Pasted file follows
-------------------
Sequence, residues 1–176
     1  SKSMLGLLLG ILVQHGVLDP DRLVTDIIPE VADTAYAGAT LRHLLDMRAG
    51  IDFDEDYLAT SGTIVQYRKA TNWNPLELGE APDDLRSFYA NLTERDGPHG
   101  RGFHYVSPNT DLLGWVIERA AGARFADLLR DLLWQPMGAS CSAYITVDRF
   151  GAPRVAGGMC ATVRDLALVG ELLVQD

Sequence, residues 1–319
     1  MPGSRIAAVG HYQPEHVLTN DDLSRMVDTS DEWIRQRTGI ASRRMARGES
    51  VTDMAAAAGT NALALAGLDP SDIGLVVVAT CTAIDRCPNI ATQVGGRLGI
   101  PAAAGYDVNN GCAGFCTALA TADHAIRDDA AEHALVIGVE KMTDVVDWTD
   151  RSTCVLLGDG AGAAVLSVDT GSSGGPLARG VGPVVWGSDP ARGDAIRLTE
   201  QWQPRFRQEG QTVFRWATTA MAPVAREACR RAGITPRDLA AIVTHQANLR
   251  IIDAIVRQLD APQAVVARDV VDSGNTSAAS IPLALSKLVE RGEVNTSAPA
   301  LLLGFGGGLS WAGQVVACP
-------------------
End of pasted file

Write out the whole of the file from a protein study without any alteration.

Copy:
Sequence, residues 1–176
     1  SKSMLGLLLG ILVQHGVLDP DRLVTDIIPE VADTAYAGAT LRHLLDMRAG
    51  IDFDEDYLAT SGTIVQYRKA TNWNPLELGE APDDLRSFYA NLTERDGPHG
   101  RGFHYVSPNT DLLGWVIERA AGARFADLLR DLLWQPMGAS CSAYITVDRF
   151  GAPRVAGGMC ATVRDLALVG ELLVQD

Sequence, residues 1–319
     1  MPGSRIAAVG HYQPEHVLTN DDLSRMVDTS DEWIRQRTGI ASRRMARGES
    51  VTDMAAAAGT NALALAGLDP SDIGLVVVAT CTAIDRCPNI ATQVGGRLGI
   101  PAAAGYDVNN GCAGFCTALA TADHAIRDDA AEHALVIGVE KMTDVVDWTD
   151  RSTCVLLGDG AGAAVLSVDT GSSGGPLARG VGPVVWGSDP ARGDAIRLTE
   201  QWQPRFRQEG QTVFRWATTA MAPVAREACR RAGITPRDLA AIVTHQANLR
   251  IIDAIVRQLD APQAVVARDV VDSGNTSAAS IPLALSKLVE RGEVNTSAPA
   301  LLLGFGGGLS WAGQVVACP